MP3 Obsolete Already?
While the debate rages on (sort of) regarding MP3 vs AAC vs Ogg vs LAME vs (insert CODEC here), one new format seeks to differentiate itself as the new "Music 2.0" system. This month, the Motion Picture Experts Group (MPEG) will decide if MT9 - the new kid on the block - will be adopted as a new international standard.
MT9, also branded and referred to as "Music 2.0" splits an audio file into 6 channels. As a practical example, this means that if properly encoded, music can have separate channels for vocals, bass, drums, lead guitar, rhythm guitar and, I don't know - accordion.
Audizen, the South Korean company behind MT9, wants the format to replace MP3 as the dominant compressed music format on the market. But that's a lot like replacing the gas guzzling vehicle with hydrogen power. There are a lot of MP3 players on the market that can't support the new format. Still, MT9 has a lot going for it:
- Music stores and suppliers of digital content can easily modify or replace their inventories - after all, it's digital
- The new format is actually substantially different and just "gimmicky" enough that manufacturers and consumer alike might be tempted to want to "re-mix" their own music with the new format.
- MP3 players cycle new products into the market at a rate of 12-18 months - so refreshing hardware capabilities is hardly an insurmountable task.
Of course, MT9 has a lot going against it as well:
- Will the format end up being perceived as being "too gimmicky" by the public. After all, while you may want more bass, will consumer mixes of audio actually be more satisfying than those of professional mix engineers?
- How will this new technology be applied to older titles without having to re-mix and re-encode from master tracks - something that is hardly to catch on quickly.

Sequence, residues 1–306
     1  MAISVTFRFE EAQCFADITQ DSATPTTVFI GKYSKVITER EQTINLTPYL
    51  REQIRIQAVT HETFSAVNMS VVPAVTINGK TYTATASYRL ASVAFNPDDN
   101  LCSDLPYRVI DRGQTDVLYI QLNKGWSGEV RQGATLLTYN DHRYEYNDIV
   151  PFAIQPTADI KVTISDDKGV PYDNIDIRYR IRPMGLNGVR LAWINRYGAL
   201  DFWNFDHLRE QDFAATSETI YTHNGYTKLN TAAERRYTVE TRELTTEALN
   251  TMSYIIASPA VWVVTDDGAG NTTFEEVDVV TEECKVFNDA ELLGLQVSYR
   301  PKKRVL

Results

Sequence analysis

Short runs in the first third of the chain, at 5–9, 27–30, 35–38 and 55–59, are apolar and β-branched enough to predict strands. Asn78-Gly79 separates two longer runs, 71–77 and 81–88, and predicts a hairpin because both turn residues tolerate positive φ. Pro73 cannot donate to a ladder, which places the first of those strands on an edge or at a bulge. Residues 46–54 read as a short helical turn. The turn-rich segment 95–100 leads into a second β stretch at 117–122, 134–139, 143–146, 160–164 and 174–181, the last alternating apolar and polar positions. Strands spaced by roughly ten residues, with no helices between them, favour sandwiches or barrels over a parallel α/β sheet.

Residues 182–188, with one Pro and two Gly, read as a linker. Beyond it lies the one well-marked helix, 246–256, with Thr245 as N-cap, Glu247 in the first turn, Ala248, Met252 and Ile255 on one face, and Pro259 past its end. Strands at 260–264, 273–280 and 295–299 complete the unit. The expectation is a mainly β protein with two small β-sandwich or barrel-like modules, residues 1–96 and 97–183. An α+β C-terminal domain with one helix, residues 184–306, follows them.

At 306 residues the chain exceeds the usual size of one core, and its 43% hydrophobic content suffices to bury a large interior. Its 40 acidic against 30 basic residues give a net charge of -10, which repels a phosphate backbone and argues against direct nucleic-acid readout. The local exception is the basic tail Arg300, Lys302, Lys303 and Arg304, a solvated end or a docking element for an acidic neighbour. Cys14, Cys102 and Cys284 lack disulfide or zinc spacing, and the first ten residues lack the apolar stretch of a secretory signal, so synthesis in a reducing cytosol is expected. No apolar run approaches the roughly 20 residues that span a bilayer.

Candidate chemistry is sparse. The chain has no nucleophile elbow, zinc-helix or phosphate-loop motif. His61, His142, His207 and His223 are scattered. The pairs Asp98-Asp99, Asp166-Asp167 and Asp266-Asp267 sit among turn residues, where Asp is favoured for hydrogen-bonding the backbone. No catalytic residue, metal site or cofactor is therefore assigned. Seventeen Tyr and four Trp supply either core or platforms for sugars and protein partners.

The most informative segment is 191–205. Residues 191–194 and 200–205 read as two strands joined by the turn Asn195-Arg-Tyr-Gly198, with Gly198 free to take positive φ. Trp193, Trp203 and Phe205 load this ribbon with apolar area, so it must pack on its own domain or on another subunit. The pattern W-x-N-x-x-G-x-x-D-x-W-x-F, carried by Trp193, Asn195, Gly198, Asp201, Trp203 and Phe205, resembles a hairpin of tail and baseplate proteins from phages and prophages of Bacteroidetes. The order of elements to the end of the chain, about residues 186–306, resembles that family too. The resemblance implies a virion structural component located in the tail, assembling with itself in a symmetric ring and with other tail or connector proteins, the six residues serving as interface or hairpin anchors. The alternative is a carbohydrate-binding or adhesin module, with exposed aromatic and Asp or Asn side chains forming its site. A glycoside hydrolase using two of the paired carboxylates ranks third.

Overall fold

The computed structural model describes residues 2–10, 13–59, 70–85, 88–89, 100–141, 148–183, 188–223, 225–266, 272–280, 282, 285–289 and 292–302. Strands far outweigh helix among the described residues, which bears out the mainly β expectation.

- The level of cooperation between manufacturers, labels and digital retailers would be enormous - and all for a new format that doesn't necessarily promise improved quality.
- Thompson (think RCA) failed twice so far to introduce new MP3 formats as a dominant solution: mp3PRO and MP3 Surround. Both were marginalized by consumers, labels, retailers and manufacturers.
What makes all of this so interesting is that the digital music download business really needs a "kick in the pants". Offering MP3 is no better than simply ripping a CD - and those can be had for a reasonable price from several key retailers. The question is a) is MT9 that jump-start the industry needs and b) will the industry even lift a finger to help itself or rely (once again) on market forces driven by the likes of Apple Computer to deliver the next wave of innovation?
We'll have to wait and see.
Note: It certainly doesn't help that Audizen's Trial Downloads of the technology appear to be broken - at least for US-based users.
All MT9 appears to be is a container format for an unmixed record. That is, instead of taking a multitrack production and downmixing all the instruments to stereo, you encode each instrument to a separate track as .MT9 and let the player do the downmixing. There's no technical innovation involved here. MT9 is probably (well hopefully) just a container around a mainstream codec like MP3 or AAC.